But there are things that I handle better. Understanding dad’s headspace and need for routine is a doddle, and we settle into a very comfortable companionship when I don’t have a long ‘to do’ list of tasks sitting on my shoulders. I’m good at day-to-day caring tasks – cleaning dad’s shoes and glasses, ensuring a good supply and change of continence pants, clean clothes, cooking nice meals, maintaining a stock of hearing aid batteries. I’m good at connecting with people, at building links with dad’s neighbours and friends. I just wish I lived close by so that the balance of tasks fell towards the ones I’m comfortable with rather than the ones that I’m not.

Writing the above list has been good for me. It’s reminded me that I am not only about dysfunctionality. Like the characters in my novels (hopefully) I am more rounded – contradictory for sure, but with positive traits as well as negative. Yin and Yang. Grunge rock and classical side-by-side. It’s why I struggle to get plotlines that I can write out simply – life is complex, and people are, too. But that is what is fascinating, and what, ultimately, makes us human.


My cat having a daft week! Big emergency vet bill because he was bitten by some unknown assailant, then the presents of a headless mouse and a live goldfinch in the space of two days. He never was a hunter, but it looks like he’s getting into his stride…


Psychadelic blues at my local pub. Proper throw-back music and brilliant, too.

© Anne de Gruchy


Being a Daughter, Too

I’m having a break from caring for dad.

My lovely sisters have taken seriously the struggles I have had in coping with things, and are supplying back-up as well as keeping the airlines in business almost single-handed!

Currently dad is sunning himself (hopefully) in southern France where sister number one lives. To achieve this entailed my brother-in-law flying over to the UK to collect him, then packing everything he needed, depositing the dog at the kennels, and accompanying dad back to France. The same will be necessary in reverse to bring him home. Nothing is simple when you are dealing with someone with Alzheimer’s, partial sight and bladder cancer.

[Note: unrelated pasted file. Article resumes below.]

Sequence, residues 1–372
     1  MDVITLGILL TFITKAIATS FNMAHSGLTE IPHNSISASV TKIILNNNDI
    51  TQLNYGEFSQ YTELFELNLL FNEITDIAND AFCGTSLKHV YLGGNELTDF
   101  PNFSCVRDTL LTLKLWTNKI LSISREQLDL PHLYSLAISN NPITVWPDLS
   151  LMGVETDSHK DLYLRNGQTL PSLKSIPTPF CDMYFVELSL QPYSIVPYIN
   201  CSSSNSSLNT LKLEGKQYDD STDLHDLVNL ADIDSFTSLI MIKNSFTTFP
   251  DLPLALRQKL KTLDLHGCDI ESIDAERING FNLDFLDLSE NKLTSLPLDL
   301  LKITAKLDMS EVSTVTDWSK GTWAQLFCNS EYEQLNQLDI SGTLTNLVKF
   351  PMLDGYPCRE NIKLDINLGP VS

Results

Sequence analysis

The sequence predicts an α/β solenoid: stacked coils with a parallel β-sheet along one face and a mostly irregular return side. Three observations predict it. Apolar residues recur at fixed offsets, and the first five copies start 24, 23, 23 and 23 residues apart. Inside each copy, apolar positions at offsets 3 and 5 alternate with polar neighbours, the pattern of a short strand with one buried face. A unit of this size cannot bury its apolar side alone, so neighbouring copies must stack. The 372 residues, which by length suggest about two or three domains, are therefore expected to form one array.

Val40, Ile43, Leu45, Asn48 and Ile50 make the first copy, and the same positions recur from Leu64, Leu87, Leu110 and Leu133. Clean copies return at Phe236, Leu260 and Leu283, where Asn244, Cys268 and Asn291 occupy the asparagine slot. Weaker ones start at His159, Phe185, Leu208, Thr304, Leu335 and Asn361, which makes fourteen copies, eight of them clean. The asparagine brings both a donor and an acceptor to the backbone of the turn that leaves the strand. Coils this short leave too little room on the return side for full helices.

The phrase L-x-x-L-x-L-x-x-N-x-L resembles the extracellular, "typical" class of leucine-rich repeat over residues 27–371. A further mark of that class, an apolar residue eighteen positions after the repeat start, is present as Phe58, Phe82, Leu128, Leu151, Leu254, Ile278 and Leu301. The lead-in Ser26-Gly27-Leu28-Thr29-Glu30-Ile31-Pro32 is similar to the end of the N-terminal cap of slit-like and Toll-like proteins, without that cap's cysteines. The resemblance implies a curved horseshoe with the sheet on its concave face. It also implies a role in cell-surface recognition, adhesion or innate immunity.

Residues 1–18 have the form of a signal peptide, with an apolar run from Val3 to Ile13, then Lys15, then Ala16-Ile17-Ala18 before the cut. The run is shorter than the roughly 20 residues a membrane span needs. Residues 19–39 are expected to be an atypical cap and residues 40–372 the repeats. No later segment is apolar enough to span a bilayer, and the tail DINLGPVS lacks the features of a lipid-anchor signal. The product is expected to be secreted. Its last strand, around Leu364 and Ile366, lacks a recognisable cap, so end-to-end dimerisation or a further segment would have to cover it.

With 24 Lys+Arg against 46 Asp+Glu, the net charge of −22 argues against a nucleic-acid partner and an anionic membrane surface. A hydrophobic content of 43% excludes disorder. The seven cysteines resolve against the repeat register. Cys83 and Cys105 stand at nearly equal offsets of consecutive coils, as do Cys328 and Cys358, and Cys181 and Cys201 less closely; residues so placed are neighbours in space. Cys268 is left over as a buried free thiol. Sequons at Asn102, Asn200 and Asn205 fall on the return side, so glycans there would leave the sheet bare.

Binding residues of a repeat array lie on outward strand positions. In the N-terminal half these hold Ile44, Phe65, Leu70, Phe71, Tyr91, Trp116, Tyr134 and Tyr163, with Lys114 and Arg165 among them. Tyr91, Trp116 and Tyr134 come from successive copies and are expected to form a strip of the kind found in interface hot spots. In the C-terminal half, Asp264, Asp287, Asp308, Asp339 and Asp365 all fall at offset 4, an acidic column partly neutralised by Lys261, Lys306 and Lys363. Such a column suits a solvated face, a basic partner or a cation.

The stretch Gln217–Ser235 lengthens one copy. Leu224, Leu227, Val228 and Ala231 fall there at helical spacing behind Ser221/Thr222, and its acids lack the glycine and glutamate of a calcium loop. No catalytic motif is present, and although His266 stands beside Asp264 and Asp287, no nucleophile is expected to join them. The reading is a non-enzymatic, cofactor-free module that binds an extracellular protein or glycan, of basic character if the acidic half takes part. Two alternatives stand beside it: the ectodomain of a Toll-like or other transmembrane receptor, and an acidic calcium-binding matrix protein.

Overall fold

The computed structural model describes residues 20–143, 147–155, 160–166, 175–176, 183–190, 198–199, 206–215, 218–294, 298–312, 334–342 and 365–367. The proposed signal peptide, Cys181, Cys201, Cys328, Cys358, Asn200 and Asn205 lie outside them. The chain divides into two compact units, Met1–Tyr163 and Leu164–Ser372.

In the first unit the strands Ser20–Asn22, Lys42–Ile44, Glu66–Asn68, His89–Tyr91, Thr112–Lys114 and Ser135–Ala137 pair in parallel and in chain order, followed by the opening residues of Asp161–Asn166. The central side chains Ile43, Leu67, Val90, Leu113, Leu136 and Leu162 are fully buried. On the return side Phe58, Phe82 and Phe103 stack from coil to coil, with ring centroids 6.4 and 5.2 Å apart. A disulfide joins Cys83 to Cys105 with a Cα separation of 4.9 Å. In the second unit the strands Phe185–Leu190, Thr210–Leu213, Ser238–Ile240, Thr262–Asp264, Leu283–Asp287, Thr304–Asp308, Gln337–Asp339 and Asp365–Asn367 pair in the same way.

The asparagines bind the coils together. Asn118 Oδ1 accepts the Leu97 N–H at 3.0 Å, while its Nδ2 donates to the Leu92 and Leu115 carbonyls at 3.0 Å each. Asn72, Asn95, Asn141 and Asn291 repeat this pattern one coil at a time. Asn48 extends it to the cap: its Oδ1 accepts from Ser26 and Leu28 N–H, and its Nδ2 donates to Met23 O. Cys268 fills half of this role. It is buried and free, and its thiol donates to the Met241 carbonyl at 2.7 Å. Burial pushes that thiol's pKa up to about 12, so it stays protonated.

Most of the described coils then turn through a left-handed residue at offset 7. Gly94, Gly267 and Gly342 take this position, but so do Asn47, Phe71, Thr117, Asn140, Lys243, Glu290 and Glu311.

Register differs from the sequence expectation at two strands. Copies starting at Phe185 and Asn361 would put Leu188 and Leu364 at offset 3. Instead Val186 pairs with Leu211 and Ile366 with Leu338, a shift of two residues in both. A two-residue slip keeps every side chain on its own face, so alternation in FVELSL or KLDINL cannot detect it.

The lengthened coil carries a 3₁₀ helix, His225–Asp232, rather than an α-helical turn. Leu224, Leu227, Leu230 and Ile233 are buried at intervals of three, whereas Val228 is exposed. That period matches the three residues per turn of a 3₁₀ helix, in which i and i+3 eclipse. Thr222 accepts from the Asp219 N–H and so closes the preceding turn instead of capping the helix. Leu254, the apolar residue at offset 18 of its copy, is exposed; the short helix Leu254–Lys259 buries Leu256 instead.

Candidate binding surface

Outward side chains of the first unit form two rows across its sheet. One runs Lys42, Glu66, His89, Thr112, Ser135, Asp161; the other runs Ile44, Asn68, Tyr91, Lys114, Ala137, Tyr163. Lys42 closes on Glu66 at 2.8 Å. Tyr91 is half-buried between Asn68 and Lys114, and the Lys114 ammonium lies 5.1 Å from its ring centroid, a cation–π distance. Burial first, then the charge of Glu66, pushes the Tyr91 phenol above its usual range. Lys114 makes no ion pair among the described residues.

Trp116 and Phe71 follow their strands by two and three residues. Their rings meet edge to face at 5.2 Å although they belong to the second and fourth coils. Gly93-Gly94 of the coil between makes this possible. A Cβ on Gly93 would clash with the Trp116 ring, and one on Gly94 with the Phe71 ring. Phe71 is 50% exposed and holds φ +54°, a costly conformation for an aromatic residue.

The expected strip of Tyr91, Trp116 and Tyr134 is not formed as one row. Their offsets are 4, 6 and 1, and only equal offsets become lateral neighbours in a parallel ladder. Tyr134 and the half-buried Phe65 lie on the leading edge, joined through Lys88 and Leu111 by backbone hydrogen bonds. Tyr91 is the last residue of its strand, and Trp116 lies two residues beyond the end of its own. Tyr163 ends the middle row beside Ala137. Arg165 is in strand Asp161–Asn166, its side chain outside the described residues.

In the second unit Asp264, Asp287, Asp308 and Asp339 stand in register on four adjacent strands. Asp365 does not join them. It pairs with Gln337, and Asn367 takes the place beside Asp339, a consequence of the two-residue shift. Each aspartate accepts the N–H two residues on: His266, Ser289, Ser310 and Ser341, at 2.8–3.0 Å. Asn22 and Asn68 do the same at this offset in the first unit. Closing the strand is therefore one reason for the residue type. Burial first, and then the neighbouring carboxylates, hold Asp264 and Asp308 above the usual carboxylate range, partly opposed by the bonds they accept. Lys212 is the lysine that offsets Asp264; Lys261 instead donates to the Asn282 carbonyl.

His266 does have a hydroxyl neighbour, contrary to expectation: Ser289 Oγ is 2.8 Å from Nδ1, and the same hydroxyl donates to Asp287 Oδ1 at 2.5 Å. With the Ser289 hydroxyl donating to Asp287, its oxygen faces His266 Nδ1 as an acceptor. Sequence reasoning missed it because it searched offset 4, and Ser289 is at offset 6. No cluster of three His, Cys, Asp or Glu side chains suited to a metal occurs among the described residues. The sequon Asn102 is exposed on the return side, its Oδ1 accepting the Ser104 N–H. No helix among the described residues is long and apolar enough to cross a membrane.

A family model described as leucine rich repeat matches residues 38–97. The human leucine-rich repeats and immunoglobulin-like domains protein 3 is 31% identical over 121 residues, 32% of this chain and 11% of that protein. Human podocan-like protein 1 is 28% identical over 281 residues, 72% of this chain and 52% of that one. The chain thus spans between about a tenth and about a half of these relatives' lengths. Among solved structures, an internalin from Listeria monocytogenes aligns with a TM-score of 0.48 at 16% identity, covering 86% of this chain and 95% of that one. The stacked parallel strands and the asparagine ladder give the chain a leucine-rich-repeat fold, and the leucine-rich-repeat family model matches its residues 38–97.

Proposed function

Dad loves a holiday. After he and mum retired they went into overdrive and booked about three holidays a year. Eventually they got addicted to the convenience of cruises and spent many happy weeks travelling the oceans to visit interesting places and watch the Northern Lights. After mum died, dad found it hard to accept that his ability to have regular holidays was affected. We have managed to give him various breaks over the ensuing years, but much travel is needed to get to Dorset where he lives before a holiday can even begin. He is not capable of going alone.

So dad is in France and I do not have to worry about phone calls that uncover unexpected needs and crises, or whether dad is managing with the newly increased care package and the interruption of his morning routine.

I also don’t have to worry about financial stuff. Sister number two is busy sending out Powers of Attorney and asking the financial institutions dad has dealings with to communicate via her. This has not been easy as she lives in Australia and she needs to provide evidence of her identity to every organization she contacts. The level of proof they require has varied, and she has had to make visits to solicitors and notaries to have her identity sworn to. One company has insisted on all three of us signing to say sister number two can take over – something that is completely unnecessary as we are allowed to act independently under the Power of Attorney we hold. So now their form is winging its way from Australia to France to the UK and back to Australia again, just so that they have three signatures in one place. The airlines are in heaven.

Dad’s finances have been a big headache for us. He has been unable to manage his paperwork for a long time, and correspondence goes unanswered or missing. Because of the distance between us it has been hard to keep on top of what needs doing, and what has got into a muddle. Recently dad has decided he needs to do a big clear out of his paperwork. This is something he has steadfastly refused to do for years, but all of a sudden it has become an obsession. I wonder whether it is a bit like end-of-life spring-cleaning – the urge to tidy up your affairs at a certain point as you get older. Certainly the pile of paperwork next to dad’s shredder is impressive. The problem is that he is no longer able to see or think well enough to know what should be kept and what should go. A few months ago he dismantled the file containing his passport, will, and EHIC health card, and it took us many days to locate the key items and hide them away somewhere safe.